This from vogue.com — and in case you were wondering, the brown person isn’t, as written, X-Factor contestant Jason Heerah, but man-about-town Shiva Singam.

They can’t give it away.  Ten’s independent directors are back at work this week considering the various “offers” (all of which are “non-binding” at this stage and “indicative” only) from the likes of American investor Saban Entertainment, which found a willing ear in today’s Australian Financial Review’s Street Talk column to spruik the merits of its “offer”. The bottom line is that Saban has offered a deal, and the actual per share price is weaker than the 23 cents put on the table by Discovery and Foxtel. Talk is that’s a couple of cents a share or more on the light side, but while Foxtel wants to negotiate, Discovery won’t move from the 23 cent price. Ten’s TV production deals with CBS and Fox are believed to contain balloon payments in their final years, which mean there are some rather large financial potholes contained in the accounts, but not readily apparent to ordinary investors. (Opaque accounts at a media company? And one connected to the Murdoch clan, no less? Well, I never …).

The move late last week by the Australian Competition and Consumer Commission to probe the proposed merger of Fairfax Media’s radio business with that of Macquarie Radio (which will produce dominance in the AM talk markets in Sydney and Brisbane) could give us a guide as to the commission’s view of any move by Foxtel to help in acquiring control of Ten. All this chat and speculation has allowed the remorseless slide in the Seven West Media share price to go unremarked, except for Crikey’s reporting in late November and December. The Seven price hit an all-time low before Christmas of $1.225 a share. That’s despite Seven and Foxtel pushing to “go” button on their streaming joint venture called Presto. — Glenn Dyer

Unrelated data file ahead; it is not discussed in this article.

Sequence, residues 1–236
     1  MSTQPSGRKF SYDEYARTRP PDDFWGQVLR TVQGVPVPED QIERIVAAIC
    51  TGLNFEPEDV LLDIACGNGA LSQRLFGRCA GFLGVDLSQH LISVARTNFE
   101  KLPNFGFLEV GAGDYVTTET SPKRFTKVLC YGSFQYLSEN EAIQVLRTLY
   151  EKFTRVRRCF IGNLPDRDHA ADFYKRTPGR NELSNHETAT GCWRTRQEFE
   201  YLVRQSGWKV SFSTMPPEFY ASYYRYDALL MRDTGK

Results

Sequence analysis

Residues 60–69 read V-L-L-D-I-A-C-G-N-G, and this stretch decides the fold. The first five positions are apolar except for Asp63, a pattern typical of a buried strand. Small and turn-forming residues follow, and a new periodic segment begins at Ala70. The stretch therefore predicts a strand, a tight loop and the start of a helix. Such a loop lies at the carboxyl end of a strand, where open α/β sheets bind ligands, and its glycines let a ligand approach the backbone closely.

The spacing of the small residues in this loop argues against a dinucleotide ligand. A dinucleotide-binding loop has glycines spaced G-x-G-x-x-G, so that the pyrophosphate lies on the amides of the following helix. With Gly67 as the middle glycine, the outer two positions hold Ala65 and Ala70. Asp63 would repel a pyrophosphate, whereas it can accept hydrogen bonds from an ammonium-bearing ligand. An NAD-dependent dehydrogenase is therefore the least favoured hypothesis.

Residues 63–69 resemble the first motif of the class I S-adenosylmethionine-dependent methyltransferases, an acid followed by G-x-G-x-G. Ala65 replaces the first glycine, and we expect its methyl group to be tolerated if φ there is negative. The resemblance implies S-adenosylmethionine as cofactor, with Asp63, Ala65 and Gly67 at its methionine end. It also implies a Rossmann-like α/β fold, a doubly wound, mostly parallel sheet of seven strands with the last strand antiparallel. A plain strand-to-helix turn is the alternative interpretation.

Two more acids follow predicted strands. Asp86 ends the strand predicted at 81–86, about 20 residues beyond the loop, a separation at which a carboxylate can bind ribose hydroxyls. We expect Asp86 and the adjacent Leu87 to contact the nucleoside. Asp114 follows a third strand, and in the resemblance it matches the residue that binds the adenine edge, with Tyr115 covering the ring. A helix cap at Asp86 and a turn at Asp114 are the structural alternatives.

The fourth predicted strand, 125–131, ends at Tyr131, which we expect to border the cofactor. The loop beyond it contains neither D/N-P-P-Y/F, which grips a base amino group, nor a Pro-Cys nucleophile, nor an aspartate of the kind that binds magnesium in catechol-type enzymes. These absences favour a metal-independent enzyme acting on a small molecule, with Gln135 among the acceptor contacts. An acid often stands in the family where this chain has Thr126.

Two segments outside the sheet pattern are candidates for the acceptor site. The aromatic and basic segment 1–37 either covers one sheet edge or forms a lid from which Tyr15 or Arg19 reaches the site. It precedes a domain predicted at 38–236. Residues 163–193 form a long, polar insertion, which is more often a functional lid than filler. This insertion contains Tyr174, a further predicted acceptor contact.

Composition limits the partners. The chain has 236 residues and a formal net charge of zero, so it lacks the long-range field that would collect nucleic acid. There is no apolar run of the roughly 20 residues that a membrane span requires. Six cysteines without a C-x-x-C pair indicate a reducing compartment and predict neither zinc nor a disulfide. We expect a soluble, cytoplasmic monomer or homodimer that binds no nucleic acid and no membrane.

Disney CEO’s package bigger than Rupert’s. Rupert Murdoch is no longer the fattest of fat cats running a listed US media company. Well, sort of …

Murdoch’s earnings of US$29.5 million for running 21st Century Fox in the year to last June, and the further US$8.7 million for turning up at News Corp board meetings — and the apology of an annual meeting last November — may sound like a lot, but it has been dwarfed by loot shovelled the way of Walt Disney Company CEO Bob Iger for the year to September 27 (Disney’s financial year end). It is the third year in a row that Iger’s total package has been fatter than Rupert Murdoch’s.

Iger made a total of US$46.5 million in 2014, according to the company proxy statement for the forthcoming annual meeting in March.

Claiming Iger “has driven spectacular financial performance and created significant shareholder value,” Disney’s board detailed the CEO’s payments in the proxy statement released Friday night. Iger’s $46.5 million consisted of a US$2.5 million “basic” salary, US$8.9 million in stock awards, US$8.3 million in option awards, US$22.8 million in non-equity incentives (i.e. a cash bonus), US$2.8 million change in pension value, and US$1.1 million in other compensation. That last category includes US$391,411 for personal air travel and US$614,582 for security.

Late last year, Disney extended Iger’s contract from 2016 to 2018, and he could earn a US$60 million bonus if the company outgrows its rivals. But as large as this package is (and the more than US$120 million paid to him over the past three years isn’t to be sneezed at), he has little equity in the Walt Disney Co, unlike Rupert Murdoch and his family, which dominate Fox and News with around 14% of the total issued shares, through their 38% stake in the controlling voting shares in both companies. — Glenn Dyer

Video of the day. Has the White House lured the cast of The West Wing together to promote its annual Big Block of Cheese Day? You feta believe it …

Peter Fray